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Treatment of autosomal recessive hearing loss via in vivo CRISPR/Cas9-mediated optimized homology-directed repair in mice

Xi Gu1,2,3,4,† , Xinde Hu5,† , Daqi Wang1,2,4,† , Zhijiao Xu1,2,4 , Fang Wang1,2,4 , Di Li6,7 , Geng-lin Li1,2,4 , Hui Yang5 , Huawei Li1,2,4,8,* , Erwei Zuo7,* , Yilai Shu1,2,4,*

1ENT institute and Department of Otorhinolaryngology, Eye & ENT Hospital, State Key Laboratory of Medical Neurobiology and MOE Frontiers Center for Brain Science, Fudan University, Shanghai, China
2Institutes of Biomedical Sciences, Fudan University, Shanghai, China
3Department of Otolaryngology, the First Affiliated Hospital of Fujian Medical University, Fuzhou, China
4NHC Key Laboratory of Hearing Medicine (Fudan University), Shanghai, China
5Institute of Neuroscience, State Key Laboratory of Neuroscience, Key Laboratory of Primate Neurobiology, CAS Center for Excellence in Brain Science and Intelligence Technology, Shanghai Research Center for Brain Science and Brain-Inspired Intelligence, Shanghai Institutes for Biological Sciences, Chinese Academy of Sciences, Shanghai, China
6State Key Lab for Conservation and Utilization of Subtropical AgricBiological Resources, Guangxi University, Nanning, China
7Shenzhen Branch, Guangdong Laboratory for Lingnan Modern Agriculture, Genome Analysis Laboratory of the Ministry of Agriculture, Agricultural Genomics Institute at Shenzhen, Chinese Academy of Agricultural Sciences, Shenzhen, China
8The Institutes of Brain Science and the Collaborative Innovation Center for Brain Science, Fudan University, Shanghai, China
These authors contributed equally: Xi Gu, Xinde Hu, Daqi Wang
* Correspondence: Huawei Li( Zuo( Shu(

Dear Editor,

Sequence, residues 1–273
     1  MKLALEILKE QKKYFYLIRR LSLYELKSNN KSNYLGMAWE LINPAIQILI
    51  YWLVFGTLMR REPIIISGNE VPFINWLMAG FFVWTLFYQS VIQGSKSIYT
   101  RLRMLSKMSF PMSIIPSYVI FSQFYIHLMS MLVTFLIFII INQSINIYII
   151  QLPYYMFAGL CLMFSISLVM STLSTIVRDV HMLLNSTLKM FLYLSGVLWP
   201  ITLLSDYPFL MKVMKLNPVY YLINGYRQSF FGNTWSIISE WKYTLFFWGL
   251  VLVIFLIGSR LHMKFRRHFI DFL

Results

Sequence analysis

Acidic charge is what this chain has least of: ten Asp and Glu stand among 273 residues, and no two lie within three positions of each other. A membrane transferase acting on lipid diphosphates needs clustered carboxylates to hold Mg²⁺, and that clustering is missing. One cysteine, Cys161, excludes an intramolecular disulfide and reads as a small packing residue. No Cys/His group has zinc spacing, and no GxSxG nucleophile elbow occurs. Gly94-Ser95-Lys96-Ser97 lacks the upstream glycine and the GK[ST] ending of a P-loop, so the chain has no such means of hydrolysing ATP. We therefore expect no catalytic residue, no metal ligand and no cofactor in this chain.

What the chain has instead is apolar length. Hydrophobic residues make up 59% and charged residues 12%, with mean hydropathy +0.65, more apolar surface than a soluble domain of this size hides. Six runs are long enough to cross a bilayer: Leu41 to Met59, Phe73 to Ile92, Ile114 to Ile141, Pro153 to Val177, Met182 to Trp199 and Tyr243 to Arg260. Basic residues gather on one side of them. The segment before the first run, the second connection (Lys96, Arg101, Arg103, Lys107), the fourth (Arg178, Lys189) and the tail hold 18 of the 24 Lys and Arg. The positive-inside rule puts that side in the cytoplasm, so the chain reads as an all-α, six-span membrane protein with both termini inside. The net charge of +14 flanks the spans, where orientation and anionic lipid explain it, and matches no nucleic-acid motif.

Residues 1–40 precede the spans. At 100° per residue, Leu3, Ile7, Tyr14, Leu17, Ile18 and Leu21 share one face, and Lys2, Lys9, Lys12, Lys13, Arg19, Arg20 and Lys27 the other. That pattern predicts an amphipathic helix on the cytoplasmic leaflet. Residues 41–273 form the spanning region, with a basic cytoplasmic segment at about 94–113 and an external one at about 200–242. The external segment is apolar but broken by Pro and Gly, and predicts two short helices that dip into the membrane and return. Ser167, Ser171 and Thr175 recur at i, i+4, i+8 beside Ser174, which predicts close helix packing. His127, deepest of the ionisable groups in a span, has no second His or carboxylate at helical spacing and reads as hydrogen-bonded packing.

Hearing loss is the most common sensory disorder in the world. Among cases of non-syndromic hearing loss, which account for 70% of all cases of genetic hearing loss, around 80% of cases arise from autosomal recessive loss-of-function mutations that require repair, rather than disruption, of the mutant allele.1 CRISPR/Cas9-mediated homology-directed repair (HDR)-based therapies have the potential to cure many genetic diseases because this class of therapeutics can achieve arbitrary base changes as well as the insertion or deletion of DNA fragments.2 However, HDR is considered to be largely restricted to dividing cells and is generally inefficient in animal tissues in vivo.3 CRISPR/Cas9-mediated HDR has been successfully used to efficiently correct the Cdh23ahl allele in C57BL/6NTac zygotes and to rescue the associated auditory phenotype.4 However, there have been no reports of applying this strategy at the postnatal stage (i.e., in vivo) to achieve hearing preservation in animal models of hereditary hearing loss. An efficient HDR strategy in nondividing mammalian cells (including cochlear hair cells) holds promise for developing treatments for recessive hearing loss. We previously devised a new homology-mediated end joining (HMEJ)-based strategy using CRISPR/Cas9-mediated cleavage of the transgene donor vector, which contains guide RNA target sites and ~800 bp of homology arms, and cleavage of the targeted site in the genome5 (Supplementary information, Fig. S1). This approach, which is an optimized version of HDR, achieved transgene integration in mouse and monkey embryos, as well as in hepatocytes and neurons in vivo, with an efficiency much greater than homologous recombination- and nonhomologous end joining-based strategies.5


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